Save Our State Parks
New York's State Parks face an unprecedented crisis. For the first time in the history of NYS, Governor Paterson is closing State Parks--as many as 90 will potentially shut their doors this spring. Not even during the Great Depression did our state parks close. In fact, FDR made them a vital part of our nation’s economic recovery.
Contact your legislators. Ask them to:
1. Restore $11 million to State Park’s operating budget to prevent closing dozens of State Parks and Historic Sites.
2. Provide $27 million for State Parks Capital Projects, either within the Environmental Protection Fund (EPF), State Park Infrastructure Fund (SPIF), or by providing a third year of bonded capital funding for State Parks. Restore the EPF to $222 million, 2009-2010 levels.
Why State Parks Are Important
1. State Parks provide affordable, close to home recreational opportunities. Last year more than 56 million people visited New York State Parks--2 million more than the previous year.
2. Closing parks will hit surrounding communities hard. Parks are economic engines that annually generate $1.9 billion and 20,000 jobs (not including park staff). The benefits State Parks provide New York far outweigh their cost.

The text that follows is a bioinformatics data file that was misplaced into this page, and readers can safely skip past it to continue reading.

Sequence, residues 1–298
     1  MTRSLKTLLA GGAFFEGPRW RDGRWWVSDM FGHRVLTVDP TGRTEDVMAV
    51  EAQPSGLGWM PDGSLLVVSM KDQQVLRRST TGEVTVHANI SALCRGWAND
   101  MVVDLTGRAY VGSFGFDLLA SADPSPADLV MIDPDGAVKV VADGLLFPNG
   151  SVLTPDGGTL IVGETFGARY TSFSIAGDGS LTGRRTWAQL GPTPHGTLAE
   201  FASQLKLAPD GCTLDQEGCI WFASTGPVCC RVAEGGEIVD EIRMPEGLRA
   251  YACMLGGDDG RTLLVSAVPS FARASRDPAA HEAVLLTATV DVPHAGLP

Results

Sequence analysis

3. State Parks make up a mere one-quarter of one percent of the total state budget. For every dollar New York spends on parks, our state’s economy enjoys a five dollar return. When you close a park or historic site, you save some expenses, but you also lose revenue (entrance fees, camping fees, picnic shelter rentals, etc – all park revenues remain with the agency).
4. Every $1 million in park closings generates only $650,000 in net budget savings. Closing State Parks would be disastrous for New York’s families and economy.
State Parks Operating Budget: Background
5. The latest cuts would mean that State Parks operating budget will have been cut by nearly 40% over the past two years. The agency has already lost 1,000 permanent and seasonal workers. This year the governor proposed to cut the operating budget by about $25 million.
6. Only $11 million is required to keep parks open--less than half the proposed cut. State Parks and Historic sites have suffered more than their fair share of cuts. Despite a larger overall statewide budget this year, they received about 22% in cuts to their state operations funding.
State Parks Capital Initiative
7. Decades of underinvestment in the State Park System has led to a critical capital backlog that exceeds $650 million. Many of the projects in desperate need of capital funding are those that impact public health and safety - i.e. sewers, drinking water systems, bridge replacement.
8. Environmental Protection Fund Governor Paterson’s budget proposal for FY2010-11 disproportionately cuts the EPF by 33%, from $222M to $143M. The funding must be restored to $222M.